Map, FlatMap, Reduce & More


released Wed, 20 Feb 2019
Swift Version 5.0


Reduce is sort of a generalized version of map, compactMap, flatMap, or filter. The basic idea is to reduce a sequence into a different shape utilizing an accumulator that can keep incremental state. To do this, we hand the function a combinator closure/function/method which is called once for each item in the sequence. This may sound complicated but becomes really easy with a couple of examples.

It is a method on SequenceType and looks like this (simplified):

func reduce<T>(_ initialResult: T, _ nextPartialResult: (T, Self.Generator.Element) -> T) -> T

There're two parameters here:

  1. A initialResult value of generic type T
  2. A closure nextPartialResult that receives two parameters and returns the generic type T. The two parameters are T, once again, and the element type of the array. Imagine we had an array of String and we'd like to reduce it to the count of elements Int. Reduce would look like this:
func reduce(_ initialResult: Int, _ nextPartialResult: (Int, String) -> Int) -> Int

So here we have an initial value Int, and we have a closure which expects us to return the same type as the initial value (Int). The final value of the operation is also of the same type as the initial value.

If we take a very simple reduce operation - counting the elments in an array of String - , the evaluation will look like this:

func count(accumulator: Int, current: Int) -> Int {

    return accumulator += 1


[1, 2, 3].reduce(0, count)

// The following steps will be performed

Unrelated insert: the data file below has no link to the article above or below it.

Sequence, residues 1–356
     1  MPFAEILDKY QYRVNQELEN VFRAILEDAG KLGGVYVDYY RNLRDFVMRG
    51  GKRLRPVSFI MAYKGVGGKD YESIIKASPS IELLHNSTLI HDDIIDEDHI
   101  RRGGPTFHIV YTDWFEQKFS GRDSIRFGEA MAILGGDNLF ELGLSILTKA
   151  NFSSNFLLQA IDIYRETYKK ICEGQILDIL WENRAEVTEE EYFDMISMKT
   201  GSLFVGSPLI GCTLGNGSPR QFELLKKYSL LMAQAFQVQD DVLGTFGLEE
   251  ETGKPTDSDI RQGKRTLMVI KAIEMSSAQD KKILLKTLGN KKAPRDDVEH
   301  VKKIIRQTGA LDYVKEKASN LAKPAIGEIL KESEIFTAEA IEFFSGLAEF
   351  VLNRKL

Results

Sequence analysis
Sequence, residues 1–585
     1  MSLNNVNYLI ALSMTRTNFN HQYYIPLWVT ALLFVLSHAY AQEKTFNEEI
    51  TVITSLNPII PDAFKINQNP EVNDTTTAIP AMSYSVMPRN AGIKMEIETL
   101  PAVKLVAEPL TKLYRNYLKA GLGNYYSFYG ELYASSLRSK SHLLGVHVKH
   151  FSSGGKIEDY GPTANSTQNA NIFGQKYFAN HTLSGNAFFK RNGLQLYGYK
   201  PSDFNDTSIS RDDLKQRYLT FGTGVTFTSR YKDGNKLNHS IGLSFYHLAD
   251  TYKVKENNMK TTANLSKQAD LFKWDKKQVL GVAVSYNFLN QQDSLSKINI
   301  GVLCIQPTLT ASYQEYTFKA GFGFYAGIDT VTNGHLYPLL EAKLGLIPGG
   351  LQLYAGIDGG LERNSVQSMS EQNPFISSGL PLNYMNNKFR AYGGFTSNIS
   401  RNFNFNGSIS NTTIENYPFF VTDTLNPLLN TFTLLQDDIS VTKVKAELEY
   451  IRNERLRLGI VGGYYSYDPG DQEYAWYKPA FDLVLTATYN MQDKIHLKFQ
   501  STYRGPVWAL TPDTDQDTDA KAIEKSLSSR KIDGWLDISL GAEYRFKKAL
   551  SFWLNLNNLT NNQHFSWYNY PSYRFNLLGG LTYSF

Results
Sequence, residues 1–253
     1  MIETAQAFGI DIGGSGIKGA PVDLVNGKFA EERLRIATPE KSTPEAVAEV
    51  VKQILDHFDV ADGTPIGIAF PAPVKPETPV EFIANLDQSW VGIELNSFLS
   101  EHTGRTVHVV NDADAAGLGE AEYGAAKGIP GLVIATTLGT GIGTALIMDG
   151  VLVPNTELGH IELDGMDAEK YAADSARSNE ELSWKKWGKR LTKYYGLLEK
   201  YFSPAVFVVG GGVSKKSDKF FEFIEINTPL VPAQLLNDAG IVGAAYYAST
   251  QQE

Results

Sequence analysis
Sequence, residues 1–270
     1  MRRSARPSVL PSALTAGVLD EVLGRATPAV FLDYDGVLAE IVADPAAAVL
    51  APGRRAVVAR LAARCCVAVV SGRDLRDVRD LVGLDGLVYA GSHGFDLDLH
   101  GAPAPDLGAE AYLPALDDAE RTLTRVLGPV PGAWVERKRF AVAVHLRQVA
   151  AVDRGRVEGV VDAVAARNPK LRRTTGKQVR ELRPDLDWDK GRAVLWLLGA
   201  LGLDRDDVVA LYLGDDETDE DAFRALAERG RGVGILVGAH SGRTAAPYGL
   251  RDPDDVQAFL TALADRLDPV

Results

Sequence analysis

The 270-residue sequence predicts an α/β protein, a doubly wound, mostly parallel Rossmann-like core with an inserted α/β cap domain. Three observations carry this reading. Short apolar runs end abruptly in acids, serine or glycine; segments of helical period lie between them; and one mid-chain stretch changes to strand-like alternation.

count(0, 1) { return 0 + 1 } = 1

count(1, 2) { return 1 + 1 } = 2

count(2, 3) { return 2 + 1 } = 3

= 6

And if we want to sum up the integer elements in an array of Int, we'd write this:

func sum(accumulator: Int, current: Int) -> Int {

    return accumulator + current


[1, 2, 3].reduce(0, sum)

// The following steps will be performed

sum(0, 1) { return 0 + 1 } = 1

sum(1, 2) { return 1 + 2 } = 3

sum(3, 3) { return 3 + 3 } = 6

= 6

The nextPartialResult closure (sum in our example) will be called once for each item in the list [1, 2, 3]. The state will be kept in the accumulator variable which is just an Integer.

Let's start re-implementing some of our other, trusted, functional programming friends. In order to keep things simple for now, all these functions will operate on Int or Optional<Int>; i.e. we will ignore generics in here. Also, keep in mind that the implementations below exist to explain the behaviour of reduce. The native Swift implementations are usually much faster compared to the reduce versions below. Reduce shines in a different set of problems, which will be explained further below.